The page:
Monday, October 6, 2008

"Woman Chameleon" by Vaijyanti

by Vaijyanti Ghose

like a chameleon
on a black rock.
The thirsty sun,
looking down on me.
Rolling two eyes
in opposite directions,
following the spider
spinning its way up the green cactus.

Black then, green now,
as the long tongue flicks out
and enters the cavern of your mouth.
Whisky and cigarette melt together
on the walls of your mouth,
as your rough snake tongue flicks out to consume me.

Snake tongue on brown chameleon skin on the tree bark.

Enveloped in the putrid smell of your love,
I love and hate you,
My hands repulse as your snake coils bind me to you.
Loving and hating,
Loved and conquered,
Woman chameleon,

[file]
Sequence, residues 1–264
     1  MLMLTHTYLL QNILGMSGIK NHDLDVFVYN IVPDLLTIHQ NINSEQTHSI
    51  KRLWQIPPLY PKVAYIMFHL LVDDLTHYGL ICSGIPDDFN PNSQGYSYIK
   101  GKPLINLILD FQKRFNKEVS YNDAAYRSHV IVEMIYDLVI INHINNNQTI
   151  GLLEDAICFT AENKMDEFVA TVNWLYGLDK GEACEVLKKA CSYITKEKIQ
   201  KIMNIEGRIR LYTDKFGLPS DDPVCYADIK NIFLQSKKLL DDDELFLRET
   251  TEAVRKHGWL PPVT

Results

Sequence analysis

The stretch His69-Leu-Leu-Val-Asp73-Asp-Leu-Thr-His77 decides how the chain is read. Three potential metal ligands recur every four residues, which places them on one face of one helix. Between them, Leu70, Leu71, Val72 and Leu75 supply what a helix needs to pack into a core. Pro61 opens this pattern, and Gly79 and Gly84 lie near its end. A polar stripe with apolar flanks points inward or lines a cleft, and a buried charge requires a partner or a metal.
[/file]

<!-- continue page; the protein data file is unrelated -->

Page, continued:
changing colours, hues,

Chameleon eyes,
Whirring around, looking for escape,
as the neck slowly disappears in the snake mouth opened wide.


Life is not measured by the number of breaths we take, but by the
moments that take our breath away.

© 2008 Vaijyanti Ghose

Listen to this poem:

Vaijyanti Ghose: I wrote as it came to me. There was some whisky lying around, something I have lately taken a dislike to, and I had spent the whole day looking up snakes and chameleons on the internet.

Vaijyanti Ghose says: "My mind is an independent creature, somewhat like saying, 'My mind has a mind of its own'. As the pen scribbles on my paper I read what my mind has to tell me…."

Vaijyanti lives in Delhi, India. She writes a blog called

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